In the face of any grief there is always a new morning, and the world all around, shelter and food and friends, and the small kindnesses of others– unaccountable blessings un-looked for, and unceasing. “I lie down and sleep; I wake again, because the LORD sustains me.” (Psalm 3:5) Accepting those small things with the simplicity of a child, choosing to give thanks (because even they are grace undeserved) gives Him our undivided attention– opens the door to God’s loving presence in all the seasons of life. The Giver is always worthy of our praise, and we can keep on counting all the evidence of His love.

God doesn’t avoid or ignore pain. He sings a louder song over it. And He invites His hurting people to sing with Him.

Aubrey Sampson, THe Louder Song

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“Therefore, let us offer through Jesus a continual sacrifice of praise to God, proclaiming our allegiance to His name. And don’t forget to do good and to share with those in need. These are the sacrifices that please God.” (Hebrews 13:15-16)

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Time Well-Spent

In this season when familiar everyday life has put on a new unfriendly face, I think we all are trying to figure out how to live here. How to do our jobs when work has invaded our personal space. How to fill up our time when we’ve just crossed off entire weeks of appointments on our calendars. How to sleep at night and fend off stress and creeping fears. How to find enough patience and kindness for the people we live with. It can feel like only so much trouble and wasted time. But this question of how to live well– right here, right now– follows me around these days, and I’m looking for answers.

I often think that the writer James sounds like a practical big brother, who doesn’t have any trouble telling you how you ought to live and what you should be doing. And there he is, starting his letter right off with “Dear brothers and sisters,when troubles of any kind come your way, consider it an opportunity for great joy. For you know that when your faith is tested, your endurance has a chance to grow.(James 1:2-3) Honestly, where we are right now I’d probably be satisfied with just staying calm, keeping everyone entertained, mopping the kitchen floor, and finding something for dinner from what’s in my pantry…maybe a phone chat with a friend along the way to maintain sanity. But clearly God has bigger ideas of what should be happening in times of trouble. Maybe this isn’t just a matter of waiting and surviving. Maybe this blatant interruption to life could be an opportunity for growth, a pressing on into new life. I can almost feel the Spirit knocking on my heart, pushing down walls, shaking what is to make way for what could be. And I can hear His still small voice: “For I am about to do something new. See, I have already begun! Do you not see it?” (Isaiah 43:19)

This week I picked up a magazine that has been lying on the end table for a month, waiting for a spare free moment, and there’s this unexpected word from a well-known house and home writer about her life’s journey. We have to believe that where we were yesterday and where we find ourselves today matter for who we become tomorrow….What is there to learn here and now? How can I make this time significant? If we can lean into that perspective, it can make all the difference between whether it feels like a season wasted or a season well spent. (Joanna Gaines) She may have been talking about her career choices, but I know perfectly well the message is for me right here, right now, as clearly as if it had been written in the margins. And I know it feels easier to settle into survival mode and wait this out, but what if the way we figure out these new paths is to realize they are not unexpected in any way that matters, and we are here for a reason?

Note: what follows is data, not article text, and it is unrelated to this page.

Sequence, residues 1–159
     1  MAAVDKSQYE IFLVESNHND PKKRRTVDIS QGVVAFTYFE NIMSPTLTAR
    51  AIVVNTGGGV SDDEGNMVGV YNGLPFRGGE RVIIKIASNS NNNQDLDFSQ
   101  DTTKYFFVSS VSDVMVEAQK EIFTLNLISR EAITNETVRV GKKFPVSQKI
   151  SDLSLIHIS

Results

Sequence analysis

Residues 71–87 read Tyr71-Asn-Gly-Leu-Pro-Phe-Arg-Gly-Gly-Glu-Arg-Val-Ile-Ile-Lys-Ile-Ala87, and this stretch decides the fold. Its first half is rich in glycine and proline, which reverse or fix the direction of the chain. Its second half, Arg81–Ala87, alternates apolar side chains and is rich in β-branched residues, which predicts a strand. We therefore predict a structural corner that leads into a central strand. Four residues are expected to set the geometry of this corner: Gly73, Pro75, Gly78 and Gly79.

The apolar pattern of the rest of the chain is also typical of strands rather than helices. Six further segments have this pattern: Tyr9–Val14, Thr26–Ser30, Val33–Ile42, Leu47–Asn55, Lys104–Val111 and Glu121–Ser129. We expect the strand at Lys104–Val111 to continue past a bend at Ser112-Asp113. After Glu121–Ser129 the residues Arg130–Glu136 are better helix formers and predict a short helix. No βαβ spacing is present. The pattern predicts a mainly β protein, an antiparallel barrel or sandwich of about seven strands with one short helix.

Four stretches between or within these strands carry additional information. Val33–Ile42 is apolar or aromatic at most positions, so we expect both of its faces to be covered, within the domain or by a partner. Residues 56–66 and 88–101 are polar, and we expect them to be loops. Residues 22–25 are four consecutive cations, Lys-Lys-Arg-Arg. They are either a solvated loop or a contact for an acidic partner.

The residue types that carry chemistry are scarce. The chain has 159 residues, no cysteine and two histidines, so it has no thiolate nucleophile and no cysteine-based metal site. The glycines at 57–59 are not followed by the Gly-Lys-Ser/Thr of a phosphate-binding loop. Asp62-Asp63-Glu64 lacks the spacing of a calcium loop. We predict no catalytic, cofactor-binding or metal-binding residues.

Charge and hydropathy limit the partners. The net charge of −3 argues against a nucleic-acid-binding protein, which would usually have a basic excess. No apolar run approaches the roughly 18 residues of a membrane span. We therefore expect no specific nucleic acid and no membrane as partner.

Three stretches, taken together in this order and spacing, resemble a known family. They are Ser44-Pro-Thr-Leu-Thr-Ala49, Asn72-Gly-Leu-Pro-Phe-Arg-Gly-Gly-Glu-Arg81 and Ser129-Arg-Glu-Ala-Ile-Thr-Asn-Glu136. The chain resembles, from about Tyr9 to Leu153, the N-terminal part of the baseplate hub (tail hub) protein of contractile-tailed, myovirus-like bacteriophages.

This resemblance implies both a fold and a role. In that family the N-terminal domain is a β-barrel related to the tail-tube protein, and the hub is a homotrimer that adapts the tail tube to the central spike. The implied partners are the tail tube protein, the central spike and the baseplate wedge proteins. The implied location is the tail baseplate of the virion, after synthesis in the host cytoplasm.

The same God who created us rules all things. The same God who “…reduces the rulers of this world to nothing…. gives strength to the weary and increases the power of the weak.”(Isaiah 40:23, 29) The Musician-King reminds us of His attention to detail with his song: “You saw me before I was born. Every day of my life was recorded in your book.” (Psalm 139:16) He knew that we would be exactly here at this time and place at this point in our faith-journey…knew how the shifting of our lives would call out the best and worst in us, and how facing this difficulty would shape our perspectives and choices. And now it’s a little easier to see the joy that James was talking about, in knowing we are entirely secure in His hands. The song lifts again, “He will cover you with his feathers. He will shelter you with his wings. His faithful promises are your armor and protection.” (Psalm 91:4)

This week I am hearing women say that they appreciate the time to step back from busyness and think; they are spending time in prayer, reading more. Families are playing games and baking, working on house projects together. Friends are sending cards to those who are isolated, making phone calls. People are taking the time to sit on the porch with a cup of coffee and admire the world coming back to life after the Winter. They are living intentionally in the here and now, choosing to make this time matter. It will make all the difference. James says it is shaping who we become. I can choose whether I spend today on myself or others, the words I speak, where I set my heart…. I can look around to see what God is doing in this time, and cooperate with Him to make this season well-spent. The best way to live well no matter how life looks is to stay close to Jesus.